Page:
I had always thought that the social life I had so far experienced was a bit extreme however I can assure you nothing compared to the squadron on the rip. If we went to the airman’s club we would have one long table and the singing would begin. The old hands would control this and some of the songs were really funny. Like ♫ Shackleton’s ♫ where individuals would be placed out to resemble the engines and crew of a Shackleton aircraft. They would go through the whole start up procedure, making the people playing the engines swing their arms, to represent the propellers. They would even have someone playing a houchin to start the aircraft with.
The master of ceremonies would lead the squadron singing the song ♫ Shackletons don’t bother me ♫ The crew would be given tasks, even as far as the rear gunner jaggering his arms as if he were firing a machine gun. He would take the aircraft up and even go on a bombing run but the whole set up was geared for one person, usually a new person on the squadron, although there could be two or more. These would usually be playing the role of an engine. It would be somewhere around thirty thousand feet, with forty squadron guys roaring away with the song, that the engine would go on fire and forty pints of beer would then be lashed at the poor person, to extinguish the fire of course.
All great fun, but for any of you who enjoy a few scoops now and again you will understand that there comes a point in the evening where the pangs of hunger assault your senses. Outside one or two of the main clubs were kebab vendors so it was quite handy to nip out and grab a kebab, which should be eaten outside on your own, for if you came in with a kebab it wouldn’t last very long. Every now and then, usually most Friday and Saturday nights, someone would suggest a group go for a Kebab. Not to the vendor outside the club, but to a local village, to a restaurant.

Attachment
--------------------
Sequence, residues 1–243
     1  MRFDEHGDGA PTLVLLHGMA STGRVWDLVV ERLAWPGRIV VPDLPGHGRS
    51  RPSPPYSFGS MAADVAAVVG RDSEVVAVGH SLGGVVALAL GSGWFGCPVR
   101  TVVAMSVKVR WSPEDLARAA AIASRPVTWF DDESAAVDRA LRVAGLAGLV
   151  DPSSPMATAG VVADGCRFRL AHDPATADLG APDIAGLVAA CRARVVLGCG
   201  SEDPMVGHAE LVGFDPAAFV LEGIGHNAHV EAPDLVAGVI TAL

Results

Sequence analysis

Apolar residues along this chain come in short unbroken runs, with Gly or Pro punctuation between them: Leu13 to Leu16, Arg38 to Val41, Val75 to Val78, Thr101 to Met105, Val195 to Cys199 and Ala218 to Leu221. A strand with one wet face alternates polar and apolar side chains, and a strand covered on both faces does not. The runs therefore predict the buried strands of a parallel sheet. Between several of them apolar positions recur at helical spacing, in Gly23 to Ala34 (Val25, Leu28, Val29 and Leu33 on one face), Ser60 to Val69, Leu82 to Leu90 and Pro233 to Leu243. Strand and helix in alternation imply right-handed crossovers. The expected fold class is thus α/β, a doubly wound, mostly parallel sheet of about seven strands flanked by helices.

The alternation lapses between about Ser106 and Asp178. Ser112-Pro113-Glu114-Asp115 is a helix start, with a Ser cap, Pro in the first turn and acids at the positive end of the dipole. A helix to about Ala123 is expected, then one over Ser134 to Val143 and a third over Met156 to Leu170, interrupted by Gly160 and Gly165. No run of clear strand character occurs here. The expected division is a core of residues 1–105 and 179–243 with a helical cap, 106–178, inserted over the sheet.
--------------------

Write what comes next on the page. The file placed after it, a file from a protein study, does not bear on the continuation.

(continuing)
So; if you would care to imagine the scene, approximately twenty people, all a bit squiffy from too many brandy sours, deciding not only where to go, but how many taxis would be needed. Someone would then have to be nominated to order the taxis. This involved some high speed mathematics which, while under the influence of numerous brandy sours, even I wasn’t capable of. The taxi drivers in Cyprus did not understand the concept of a speed limit, which was fine with us as we were, due to the brandy sours, starvationed.
Now; when I say restaurant forget what you are thinking, picture this instead. A square building made from bare, grey, concrete blocks wearing a painted corrugated tin roof. Formica tables with metal legs and a miss matched collection of metal legged wobbly chairs. Bare light bulbs, a television talking to itself and some old woman, seated in a corner, knitting. Everyone in Cyprus is called Chris, or is a friend or a relative of Chris, even the women. We would be met by the proprietor, Chris, who would ask “How many for table please?” Whoever had ordered the taxis; the mathematical genius, would now take over again and instruct the troops as to how he wanted the tables in the restaurant set out.